This is some top-notch storytellin' y'all. Writer/Director Jaron Lockridge has cooked up an intense Indie Horror film that's bound to keep you captivated and on the edge of your seat – "Succuba" is stellar to watch. Based largely on excellent writing, gripping dialogue, and bold characters, this film is bare bones regarding what makes it great, but I can certainly vouch for how well it came out. We're not talkin' about tons of effects or even tons of different locations and whatnot – "Succuba" simply uses solid acting, the right script, and a strong set of ideas to make this experience outright scary.
Honestly, I felt like Lockridge could give a real master class on how to get the maximum results from a minimal budget; he has proven that an excellent film can still be made from the true fundamentals of a compelling story at the root of it all. It's not even that "Succuba" is really all that new of a tale when it comes down to it; it's just that Jaron has found a way to tell it so much better than most could. Of course, it helps if you're able to suspend any disbelief you have as a watcher and somewhat 'go with it' – you need to be able to at least believe in the core concept of pure evil being able to exist in this world. It won't hurt if you dig on tales where the supernatural meets religion and creature-based films too. If you're willing and able to do that, I think you'll love how effective "Succuba" becomes at creating the kind of tension, mood, and tone that's seriously intense to watch from beginning to end.
I love movies that tend to take place within just a few settings; usually, that's an indication of a film that will rely heavily on the strength of its dialogue and characters, which "Succuba" certainly does. In that sense, it's like a campfire story or folklore – we don't need a ton of visuals onscreen when the words are capable of making our minds fill in the blanks even better. The main character of this film, Eddie Williams, is played perfectly by Keith Johnson, straight-up. I feel like we couldn't have asked for an ounce more than what we got out of his performance and that, overall, a lot of the success of "Succuba" rested squarely on his shoulders. His expressions and reaction shots are awesome to watch, and he has to take on a multi-layered character to pull the story off, so sometimes we see him as the Eddie the town knows, and for a large portion of this film, he's a different Eddie altogether, fueled by a totally different purpose. He rose to the occasion and proved he could easily carry the weight of an entire film. The supporting cast around him all holds their own without a doubt, but Johnson has shown that he's got the X-factor big-time - when it comes to this particular genre. This dude should be in a whole lot more movies! That being said, to be completely fair to Jaron Lockridge, if he had a massive budget, I think he'd be within the upper circles of Hollywood on the front lines of new horror.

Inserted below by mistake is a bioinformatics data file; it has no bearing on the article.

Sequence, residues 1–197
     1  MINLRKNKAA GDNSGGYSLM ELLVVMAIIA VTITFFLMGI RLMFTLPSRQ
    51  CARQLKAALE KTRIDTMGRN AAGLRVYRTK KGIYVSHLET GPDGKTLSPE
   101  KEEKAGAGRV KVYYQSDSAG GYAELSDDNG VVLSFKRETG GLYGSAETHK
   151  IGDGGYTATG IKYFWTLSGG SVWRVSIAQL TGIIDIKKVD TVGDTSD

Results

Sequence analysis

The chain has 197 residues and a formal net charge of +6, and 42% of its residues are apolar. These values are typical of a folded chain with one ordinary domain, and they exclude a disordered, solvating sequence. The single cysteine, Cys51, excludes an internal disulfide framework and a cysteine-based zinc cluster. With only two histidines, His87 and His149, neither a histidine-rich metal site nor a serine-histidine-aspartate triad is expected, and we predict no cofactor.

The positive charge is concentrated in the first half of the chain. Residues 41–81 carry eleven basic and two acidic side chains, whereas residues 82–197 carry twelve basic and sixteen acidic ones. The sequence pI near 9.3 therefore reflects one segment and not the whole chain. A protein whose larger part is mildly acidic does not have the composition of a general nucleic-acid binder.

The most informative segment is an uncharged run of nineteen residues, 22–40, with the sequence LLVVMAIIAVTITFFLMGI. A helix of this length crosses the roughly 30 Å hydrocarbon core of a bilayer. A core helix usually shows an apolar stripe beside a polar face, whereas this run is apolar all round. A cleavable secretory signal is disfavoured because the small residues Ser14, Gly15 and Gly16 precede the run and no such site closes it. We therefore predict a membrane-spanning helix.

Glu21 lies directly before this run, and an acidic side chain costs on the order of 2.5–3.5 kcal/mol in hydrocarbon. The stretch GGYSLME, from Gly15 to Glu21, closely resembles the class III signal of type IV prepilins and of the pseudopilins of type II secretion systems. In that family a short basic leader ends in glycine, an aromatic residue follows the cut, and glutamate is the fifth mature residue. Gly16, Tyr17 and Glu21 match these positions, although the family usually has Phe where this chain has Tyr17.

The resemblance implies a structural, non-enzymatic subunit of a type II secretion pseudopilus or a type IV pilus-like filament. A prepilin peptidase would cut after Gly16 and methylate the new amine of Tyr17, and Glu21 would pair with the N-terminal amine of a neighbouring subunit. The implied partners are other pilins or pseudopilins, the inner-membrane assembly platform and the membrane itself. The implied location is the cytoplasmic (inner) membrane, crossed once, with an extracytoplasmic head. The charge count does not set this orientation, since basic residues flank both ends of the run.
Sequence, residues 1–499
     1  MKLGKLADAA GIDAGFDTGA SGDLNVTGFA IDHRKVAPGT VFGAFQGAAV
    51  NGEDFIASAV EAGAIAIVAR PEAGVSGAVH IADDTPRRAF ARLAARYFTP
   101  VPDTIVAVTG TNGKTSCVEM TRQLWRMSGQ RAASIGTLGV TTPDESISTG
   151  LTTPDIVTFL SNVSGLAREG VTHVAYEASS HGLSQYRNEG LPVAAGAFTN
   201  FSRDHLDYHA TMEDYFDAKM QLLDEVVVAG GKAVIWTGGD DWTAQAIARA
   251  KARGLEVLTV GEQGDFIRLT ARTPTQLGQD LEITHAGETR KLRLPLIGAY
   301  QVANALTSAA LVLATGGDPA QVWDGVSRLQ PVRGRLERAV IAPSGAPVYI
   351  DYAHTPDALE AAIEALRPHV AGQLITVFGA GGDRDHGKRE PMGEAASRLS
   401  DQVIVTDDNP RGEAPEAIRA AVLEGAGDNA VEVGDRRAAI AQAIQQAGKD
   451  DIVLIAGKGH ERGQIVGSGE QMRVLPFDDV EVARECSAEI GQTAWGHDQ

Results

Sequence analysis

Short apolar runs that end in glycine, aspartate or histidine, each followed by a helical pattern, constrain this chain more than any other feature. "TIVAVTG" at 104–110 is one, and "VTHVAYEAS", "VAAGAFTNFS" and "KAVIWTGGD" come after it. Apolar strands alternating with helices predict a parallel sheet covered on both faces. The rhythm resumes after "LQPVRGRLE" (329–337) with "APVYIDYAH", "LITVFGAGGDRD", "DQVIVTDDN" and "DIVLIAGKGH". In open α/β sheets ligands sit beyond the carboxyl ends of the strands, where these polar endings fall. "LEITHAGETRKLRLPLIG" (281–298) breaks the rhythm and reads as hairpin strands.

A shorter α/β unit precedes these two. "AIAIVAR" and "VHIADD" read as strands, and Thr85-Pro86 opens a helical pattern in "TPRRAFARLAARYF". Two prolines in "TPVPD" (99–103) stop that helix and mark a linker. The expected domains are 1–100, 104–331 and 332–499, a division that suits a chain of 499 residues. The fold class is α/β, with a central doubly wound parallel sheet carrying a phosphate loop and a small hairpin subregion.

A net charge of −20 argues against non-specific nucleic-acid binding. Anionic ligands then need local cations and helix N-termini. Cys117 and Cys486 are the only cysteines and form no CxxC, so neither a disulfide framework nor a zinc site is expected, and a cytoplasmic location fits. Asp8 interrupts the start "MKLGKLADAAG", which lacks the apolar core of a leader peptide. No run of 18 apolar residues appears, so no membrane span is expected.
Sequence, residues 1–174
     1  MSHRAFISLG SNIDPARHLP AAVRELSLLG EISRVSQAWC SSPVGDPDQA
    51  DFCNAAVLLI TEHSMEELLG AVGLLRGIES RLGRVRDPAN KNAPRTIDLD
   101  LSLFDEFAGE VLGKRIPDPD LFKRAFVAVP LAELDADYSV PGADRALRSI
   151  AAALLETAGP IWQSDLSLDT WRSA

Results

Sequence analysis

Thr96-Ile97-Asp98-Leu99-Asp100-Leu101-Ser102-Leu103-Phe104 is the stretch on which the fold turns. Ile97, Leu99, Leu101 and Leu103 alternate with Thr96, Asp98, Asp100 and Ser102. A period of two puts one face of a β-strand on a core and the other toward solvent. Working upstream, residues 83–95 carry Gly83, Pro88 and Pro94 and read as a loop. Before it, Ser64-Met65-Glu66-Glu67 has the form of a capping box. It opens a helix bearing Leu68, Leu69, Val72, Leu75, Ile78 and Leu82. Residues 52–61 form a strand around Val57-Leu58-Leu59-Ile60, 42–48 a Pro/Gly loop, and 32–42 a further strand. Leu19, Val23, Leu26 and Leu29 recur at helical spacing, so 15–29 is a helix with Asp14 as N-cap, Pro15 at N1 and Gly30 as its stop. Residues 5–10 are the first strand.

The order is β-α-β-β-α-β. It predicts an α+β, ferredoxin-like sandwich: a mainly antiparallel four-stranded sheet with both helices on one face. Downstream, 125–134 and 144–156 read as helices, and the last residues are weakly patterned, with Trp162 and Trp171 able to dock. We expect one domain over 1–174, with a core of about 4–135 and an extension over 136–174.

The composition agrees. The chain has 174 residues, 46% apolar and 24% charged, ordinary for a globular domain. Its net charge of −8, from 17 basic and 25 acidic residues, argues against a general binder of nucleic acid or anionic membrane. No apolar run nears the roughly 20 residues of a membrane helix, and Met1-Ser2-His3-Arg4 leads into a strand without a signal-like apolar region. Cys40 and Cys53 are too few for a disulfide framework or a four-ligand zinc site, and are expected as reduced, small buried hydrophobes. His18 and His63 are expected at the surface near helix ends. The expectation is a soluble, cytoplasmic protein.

A lot of "why" a film like "Succuba" works as well as it does comes down to smart storytelling and the right direction. To me, the real key in any kind of horror film that is going to reveal some kind of creature - at some point, is to use those moments cleverly and ultimately still let our imagination fill in the blanks. As in, if you show it too much or too clearly, a creature will tend to quickly lose that frightening aspect or "hold" it has taken on us from what we've heard about it. But if you dole it out in the right way, it can definitely enhance the horror of the story. For the most part, Lockridge aimed at the latter scenario and only showed us what we needed to see in that regard. I think there's almost a small argument that could be made that he hardly needed to show us the "Succuba" in its creature form at all - when you consider that it's basically all the scenes surrounding those moments that make the most impact in this film. Case in point, we witness the "Succuba" in both humanoid and creature forms, and it's probably the version in the flesh that's likely to chill your blood that much colder as you watch.
All-in-all, considering how little Lockridge needed to make this as good as it was, I'm really stoked about the results here - and giving this film a very strong three and a half stars out of five, right on the border of a four. You add in a bit of slick sound editing, more vivid colorization, and draw - this story out a little bit more from just over an hour to a ninety-minute tale, and I think "Succuba" would easily benefit and possibly be an even better movie. My biggest complaint is that I felt it should have been slightly longer. As it stands, it's solid indie horror done right – I really enjoyed watching this film.